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Leak?

 

You mean, like oily fumes creeping out from under the flange? The problem isn't the oil filler cap, the problem is excessive blow-by pressurizing the crankcase more than the PCV system can suck out.

 

Mine does this also. Is something wrong with my truck?

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Leak?

 

You mean, like oily fumes creeping out from under the flange? The problem isn't the oil filler cap, the problem is excessive blow-by pressurizing the crankcase more than the PCV system can suck out.

 

Mine does this also. Is something wrong with my truck?

Sadly, yes.

 

Since sometime in the late 1960s, automobile engines have not had the crankcases open to the atmosphere. The 1950s engines we had when I was a young sprout had an open tube coming out the side of the engine and turned down toward the ground. That was ventilation for the crankcase -- if the crankcase needed air, it sucked it in through that tube, and (more often) if there was blowby, the excess pressure in the crancase was vented to the atmosphere through that tube.

 

Then we started getting concerned about air pollution, so eliminating that oily smoke that vented from all the crankcases became an issue. So the manufacturers eliminated the open tube, and created the Positive Crankcase Ventilation (PCV) system. Instead of an open tube, they put a check valve in the valve cover, and a vacuum line to the intake manifold, along with another line from the air cleaner to the valve cover. The idea was to create a closed system. The PCV line sucked the oily fumes out of the crankcase and into the intake manifold, where they mixed with the incoming air-fuel mixture and were burned up in the engine. The inlet tube from the air cleaner provided a path for fresh air to replace the oily fumes the PCV system sucked out, and the equalize the atmospheric pressure in the crankcase.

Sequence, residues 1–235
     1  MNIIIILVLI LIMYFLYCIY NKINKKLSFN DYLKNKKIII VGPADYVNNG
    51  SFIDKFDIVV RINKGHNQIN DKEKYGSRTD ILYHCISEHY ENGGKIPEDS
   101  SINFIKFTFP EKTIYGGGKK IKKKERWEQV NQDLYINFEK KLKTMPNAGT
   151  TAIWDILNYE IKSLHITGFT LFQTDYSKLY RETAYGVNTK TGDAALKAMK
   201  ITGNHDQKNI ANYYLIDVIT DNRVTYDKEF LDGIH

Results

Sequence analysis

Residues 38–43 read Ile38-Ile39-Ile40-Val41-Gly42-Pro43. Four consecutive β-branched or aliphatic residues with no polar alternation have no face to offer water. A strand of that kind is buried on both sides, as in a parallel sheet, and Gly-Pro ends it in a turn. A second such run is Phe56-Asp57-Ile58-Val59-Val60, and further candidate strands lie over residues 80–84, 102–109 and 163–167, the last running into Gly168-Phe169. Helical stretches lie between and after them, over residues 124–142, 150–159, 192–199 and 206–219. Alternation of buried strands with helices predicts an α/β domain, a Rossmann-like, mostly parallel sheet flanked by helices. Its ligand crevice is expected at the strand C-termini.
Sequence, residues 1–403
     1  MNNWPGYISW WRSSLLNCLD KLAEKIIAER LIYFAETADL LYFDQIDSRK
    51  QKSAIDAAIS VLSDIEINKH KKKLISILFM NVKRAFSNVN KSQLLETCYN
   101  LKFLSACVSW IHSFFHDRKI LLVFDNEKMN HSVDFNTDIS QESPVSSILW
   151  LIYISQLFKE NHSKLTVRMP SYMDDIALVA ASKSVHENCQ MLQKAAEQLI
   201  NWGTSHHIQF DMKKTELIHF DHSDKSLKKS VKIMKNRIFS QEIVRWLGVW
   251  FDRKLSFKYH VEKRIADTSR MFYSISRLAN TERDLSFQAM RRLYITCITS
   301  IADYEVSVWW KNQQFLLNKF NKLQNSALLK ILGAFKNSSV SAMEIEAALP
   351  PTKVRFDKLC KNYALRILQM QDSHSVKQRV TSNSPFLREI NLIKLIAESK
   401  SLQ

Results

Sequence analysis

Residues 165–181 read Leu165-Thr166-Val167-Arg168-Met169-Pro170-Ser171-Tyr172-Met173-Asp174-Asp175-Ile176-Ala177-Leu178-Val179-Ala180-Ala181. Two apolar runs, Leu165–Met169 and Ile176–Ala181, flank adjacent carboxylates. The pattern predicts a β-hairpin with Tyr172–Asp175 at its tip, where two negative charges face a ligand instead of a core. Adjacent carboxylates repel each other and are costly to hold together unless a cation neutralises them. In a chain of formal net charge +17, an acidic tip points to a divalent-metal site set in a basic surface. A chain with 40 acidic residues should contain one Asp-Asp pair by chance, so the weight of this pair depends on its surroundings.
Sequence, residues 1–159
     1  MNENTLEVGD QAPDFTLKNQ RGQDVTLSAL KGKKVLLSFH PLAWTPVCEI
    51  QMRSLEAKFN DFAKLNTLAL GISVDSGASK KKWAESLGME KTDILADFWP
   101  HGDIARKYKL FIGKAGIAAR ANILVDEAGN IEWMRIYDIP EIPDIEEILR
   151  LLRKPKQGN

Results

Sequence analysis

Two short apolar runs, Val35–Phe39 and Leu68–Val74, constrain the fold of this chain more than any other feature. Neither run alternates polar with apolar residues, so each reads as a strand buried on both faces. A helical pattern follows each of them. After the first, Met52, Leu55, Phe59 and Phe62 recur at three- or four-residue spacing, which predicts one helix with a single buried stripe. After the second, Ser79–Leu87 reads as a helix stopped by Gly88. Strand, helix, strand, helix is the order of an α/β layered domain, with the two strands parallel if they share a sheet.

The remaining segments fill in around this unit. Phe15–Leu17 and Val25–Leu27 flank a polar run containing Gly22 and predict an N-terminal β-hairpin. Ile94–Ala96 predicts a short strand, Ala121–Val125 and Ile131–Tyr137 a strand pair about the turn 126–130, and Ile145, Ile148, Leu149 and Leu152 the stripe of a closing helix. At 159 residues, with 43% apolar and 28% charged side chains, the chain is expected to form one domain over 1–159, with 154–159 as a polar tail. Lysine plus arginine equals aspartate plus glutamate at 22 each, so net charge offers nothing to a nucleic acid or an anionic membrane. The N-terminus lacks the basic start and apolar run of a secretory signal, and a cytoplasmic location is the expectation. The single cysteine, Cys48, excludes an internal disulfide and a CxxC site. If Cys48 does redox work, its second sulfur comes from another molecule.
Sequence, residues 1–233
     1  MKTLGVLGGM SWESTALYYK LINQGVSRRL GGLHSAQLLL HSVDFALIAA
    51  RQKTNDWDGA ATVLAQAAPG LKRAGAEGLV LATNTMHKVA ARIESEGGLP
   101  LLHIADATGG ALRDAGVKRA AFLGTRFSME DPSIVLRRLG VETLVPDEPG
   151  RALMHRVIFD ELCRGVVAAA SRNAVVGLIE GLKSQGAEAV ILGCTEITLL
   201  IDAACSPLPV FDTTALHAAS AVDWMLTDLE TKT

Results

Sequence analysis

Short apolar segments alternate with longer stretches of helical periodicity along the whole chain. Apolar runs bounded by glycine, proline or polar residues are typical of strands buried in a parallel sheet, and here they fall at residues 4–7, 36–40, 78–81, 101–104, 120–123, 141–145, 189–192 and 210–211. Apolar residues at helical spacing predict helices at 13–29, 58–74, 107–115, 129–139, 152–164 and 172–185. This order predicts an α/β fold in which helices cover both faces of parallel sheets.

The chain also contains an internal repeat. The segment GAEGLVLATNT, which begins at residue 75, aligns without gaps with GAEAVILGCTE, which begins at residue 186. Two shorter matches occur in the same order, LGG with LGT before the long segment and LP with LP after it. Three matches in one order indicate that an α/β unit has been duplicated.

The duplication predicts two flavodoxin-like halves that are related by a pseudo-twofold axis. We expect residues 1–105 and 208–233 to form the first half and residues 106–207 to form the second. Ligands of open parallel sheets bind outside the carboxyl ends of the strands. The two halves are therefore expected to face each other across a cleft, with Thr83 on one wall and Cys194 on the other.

The Jeep 4.0L engine uses essentially the same system, except there's no PCV valve -- the very small tube coming off the back end of the valve cover is the suction tube, and because it's so small they decided a physical valve wasn't needed.

 

What happens is that, as the engine gets old and the piston rings wear, they lose compression and more blowby gets past the rings. This builds up pressure in the crankcase. At the same time, sludge tends to restrict that little tube, leaving no avenue for the excess pressure to vent. So two things happen: First, the front inlet tube becomes a pressure vent tube, and oily fumes get pushed back into the airbox. Open your airbox, and you'll probably see oil soaking the air cleaner element. That's where the oil comes from. If the blowby is severe enough, even the inlet tube doesn't provide enough relief, so the pressure goes up the oil drain return passages, pressurizes the valve chamber, and oily fumes start to seep out around the filler cap.

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Well did compression check compression still in spec but on the low end......got a new pcv and got a new breather filter. And seemed to help at the moment but I will start saving some money to rebuild the old four banger, but hopefully she will last a few more years.

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